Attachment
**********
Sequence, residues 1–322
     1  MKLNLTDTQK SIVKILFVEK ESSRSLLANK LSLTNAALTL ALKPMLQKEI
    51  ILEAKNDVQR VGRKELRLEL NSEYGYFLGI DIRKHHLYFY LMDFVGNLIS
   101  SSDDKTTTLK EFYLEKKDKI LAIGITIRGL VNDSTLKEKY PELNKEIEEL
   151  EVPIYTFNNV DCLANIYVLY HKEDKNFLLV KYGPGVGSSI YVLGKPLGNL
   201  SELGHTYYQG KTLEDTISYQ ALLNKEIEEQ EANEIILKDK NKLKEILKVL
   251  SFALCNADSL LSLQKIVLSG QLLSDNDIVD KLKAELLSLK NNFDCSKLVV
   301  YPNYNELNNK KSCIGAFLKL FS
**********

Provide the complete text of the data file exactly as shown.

Sequence, residues 1–322
     1  MKLNLTDTQK SIVKILFVEK ESSRSLLANK LSLTNAALTL ALKPMLQKEI
    51  ILEAKNDVQR VGRKELRLEL NSEYGYFLGI DIRKHHLYFY LMDFVGNLIS
   101  SSDDKTTTLK EFYLEKKDKI LAIGITIRGL VNDSTLKEKY PELNKEIEEL
   151  EVPIYTFNNV DCLANIYVLY HKEDKNFLLV KYGPGVGSSI YVLGKPLGNL
   201  SELGHTYYQG KTLEDTISYQ ALLNKEIEEQ EANEIILKDK NKLKEILKVL
   251  SFALCNADSL LSLQKIVLSG QLLSDNDIVD KLKAELLSLK NNFDCSKLVV
   301  YPNYNELNNK KSCIGAFLKL FS